6. And if, raising our eyes from time to eternity; from the world of mortals to the world of just men made perfect; from the visible creation, marvelous, beautiful, and glorious as it is, to the invisible creation of angels and seraphs; from the footstool of God to the throne of God himself, we ask, what are the blessings that flow from this single volume, let the question be answered by the pen of the evangelist, the harp of the prophet, and the records of the book of life.
7. Such is the best of classics the world has ever admired; such, the noblest that man has ever adopted as a guide.
DEFINITIONS.—1. Clas'sic, a work of acknowledged excellence and authority. 2. Au-then-tic'i-ty, of established authority for truth and correctness. Sanc'tion (pro, sank'shun), authority, support. 3. Ver'sa-tile, readily applied to various subjects. 4. Vin di-cat-ed, defended, justified. E-van'gel-ist, a writer of the history of Jesus Christ. 6. Ser'aph, an angel of the highest order.
CXVII. MY MOTHER'S BIBLE.
George P. Morris (b. 1802, d. 1864) was born in Philadelphia. In 1823 he became one of the editors of the "New York Mirror," a weekly literary paper, In 1846 Mr. Morris and N. P. Willis founded "The Home Journal." He was associate editor of this popular journal until a short time before his death.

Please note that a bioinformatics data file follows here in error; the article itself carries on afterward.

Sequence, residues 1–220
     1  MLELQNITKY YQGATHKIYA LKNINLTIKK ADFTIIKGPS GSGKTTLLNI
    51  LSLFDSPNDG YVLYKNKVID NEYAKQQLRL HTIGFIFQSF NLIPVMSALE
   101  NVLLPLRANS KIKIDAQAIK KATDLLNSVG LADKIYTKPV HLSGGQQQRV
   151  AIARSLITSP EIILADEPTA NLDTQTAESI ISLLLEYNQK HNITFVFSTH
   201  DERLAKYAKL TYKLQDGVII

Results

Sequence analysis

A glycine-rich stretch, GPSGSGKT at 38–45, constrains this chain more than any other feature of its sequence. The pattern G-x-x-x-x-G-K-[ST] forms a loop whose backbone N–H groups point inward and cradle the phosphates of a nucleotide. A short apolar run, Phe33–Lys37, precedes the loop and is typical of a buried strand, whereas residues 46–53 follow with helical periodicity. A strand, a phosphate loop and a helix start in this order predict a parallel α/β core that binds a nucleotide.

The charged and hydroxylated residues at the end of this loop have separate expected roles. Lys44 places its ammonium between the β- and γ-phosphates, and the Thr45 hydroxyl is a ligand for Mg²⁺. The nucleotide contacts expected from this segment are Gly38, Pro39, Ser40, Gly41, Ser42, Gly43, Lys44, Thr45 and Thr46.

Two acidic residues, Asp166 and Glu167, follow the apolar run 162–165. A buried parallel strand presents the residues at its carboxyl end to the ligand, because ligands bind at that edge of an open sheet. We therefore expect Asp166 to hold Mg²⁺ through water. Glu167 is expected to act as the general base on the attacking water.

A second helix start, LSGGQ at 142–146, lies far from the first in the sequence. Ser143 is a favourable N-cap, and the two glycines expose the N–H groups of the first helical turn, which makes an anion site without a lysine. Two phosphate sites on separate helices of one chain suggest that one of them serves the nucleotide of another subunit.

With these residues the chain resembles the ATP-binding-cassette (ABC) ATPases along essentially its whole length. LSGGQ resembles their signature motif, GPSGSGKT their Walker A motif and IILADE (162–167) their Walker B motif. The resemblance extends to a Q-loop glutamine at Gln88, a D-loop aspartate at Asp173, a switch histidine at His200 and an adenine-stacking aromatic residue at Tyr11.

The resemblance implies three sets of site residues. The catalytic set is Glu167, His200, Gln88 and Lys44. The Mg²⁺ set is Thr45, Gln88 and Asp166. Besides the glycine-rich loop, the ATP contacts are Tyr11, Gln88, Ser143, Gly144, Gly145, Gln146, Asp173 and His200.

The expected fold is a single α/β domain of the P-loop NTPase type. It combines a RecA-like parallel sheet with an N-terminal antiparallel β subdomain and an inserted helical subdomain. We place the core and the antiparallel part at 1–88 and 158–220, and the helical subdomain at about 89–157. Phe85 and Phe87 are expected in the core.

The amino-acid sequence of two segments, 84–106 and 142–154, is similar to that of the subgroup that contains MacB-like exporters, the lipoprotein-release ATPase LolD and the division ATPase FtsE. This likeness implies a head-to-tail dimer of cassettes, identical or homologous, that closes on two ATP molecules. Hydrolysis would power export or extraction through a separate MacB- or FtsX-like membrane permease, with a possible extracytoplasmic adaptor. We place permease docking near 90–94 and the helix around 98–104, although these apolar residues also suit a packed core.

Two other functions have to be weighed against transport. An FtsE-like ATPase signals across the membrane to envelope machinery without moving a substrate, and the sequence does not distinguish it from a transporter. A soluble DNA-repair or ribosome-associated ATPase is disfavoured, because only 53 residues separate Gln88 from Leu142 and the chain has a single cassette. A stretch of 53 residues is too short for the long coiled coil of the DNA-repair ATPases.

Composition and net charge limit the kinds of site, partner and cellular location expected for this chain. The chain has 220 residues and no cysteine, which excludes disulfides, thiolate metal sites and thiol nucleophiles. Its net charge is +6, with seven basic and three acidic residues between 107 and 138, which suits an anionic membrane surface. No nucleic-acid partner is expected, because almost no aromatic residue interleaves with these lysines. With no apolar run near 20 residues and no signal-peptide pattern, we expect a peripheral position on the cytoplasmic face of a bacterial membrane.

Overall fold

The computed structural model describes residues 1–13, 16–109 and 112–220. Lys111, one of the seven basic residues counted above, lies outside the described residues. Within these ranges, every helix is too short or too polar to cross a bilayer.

1. This book is all that's left me now,— Tears will unbidden start,— With faltering lip and throbbing brow I press it to my heart. For many generations past Here is our family tree; My mother's hands this Bible clasped, She, dying, gave it me.
2. Ah! well do I remember those Whose names these records bear; Who round the hearthstone used to close, After the evening prayer, And speak of what these pages said In tones my heart would thrill! Though they are with the silent dead, Here are they living still!
3. My father read this holy hook To brothers, sisters, dear; How calm was my poor mother's look, Who loved God's word to hear! Her angel face,—I see it yet! What thronging memories come! Again that little group is met Within the walls of home!
4. Thou truest friend man ever knew, Thy constancy I've tried; When all were false, I found thee true, My counselor and guide. The mines of earth no treasures give That could this volume buy; In teaching me the way to live, It taught me how to die.